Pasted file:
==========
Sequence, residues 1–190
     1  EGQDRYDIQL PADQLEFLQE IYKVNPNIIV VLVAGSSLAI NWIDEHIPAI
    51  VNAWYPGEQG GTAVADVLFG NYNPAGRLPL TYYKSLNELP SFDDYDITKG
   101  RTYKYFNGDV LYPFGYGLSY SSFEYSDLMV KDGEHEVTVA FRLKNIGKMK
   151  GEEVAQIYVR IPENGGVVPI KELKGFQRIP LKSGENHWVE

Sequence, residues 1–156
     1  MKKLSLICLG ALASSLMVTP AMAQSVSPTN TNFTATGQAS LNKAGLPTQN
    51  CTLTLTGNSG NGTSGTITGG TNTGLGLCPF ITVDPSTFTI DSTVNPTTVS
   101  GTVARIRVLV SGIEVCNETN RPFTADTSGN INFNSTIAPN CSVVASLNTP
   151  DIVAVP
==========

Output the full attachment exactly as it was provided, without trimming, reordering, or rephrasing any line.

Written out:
Sequence, residues 1–190
     1  EGQDRYDIQL PADQLEFLQE IYKVNPNIIV VLVAGSSLAI NWIDEHIPAI
    51  VNAWYPGEQG GTAVADVLFG NYNPAGRLPL TYYKSLNELP SFDDYDITKG
   101  RTYKYFNGDV LYPFGYGLSY SSFEYSDLMV KDGEHEVTVA FRLKNIGKMK
   151  GEEVAQIYVR IPENGGVVPI KELKGFQRIP LKSGENHWVE

Sequence, residues 1–156
     1  MKKLSLICLG ALASSLMVTP AMAQSVSPTN TNFTATGQAS LNKAGLPTQN
    51  CTLTLTGNSG NGTSGTITGG TNTGLGLCPF ITVDPSTFTI DSTVNPTTVS
   101  GTVARIRVLV SGIEVCNETN RPFTADTSGN INFNSTIAPN CSVVASLNTP
   151  DIVAVP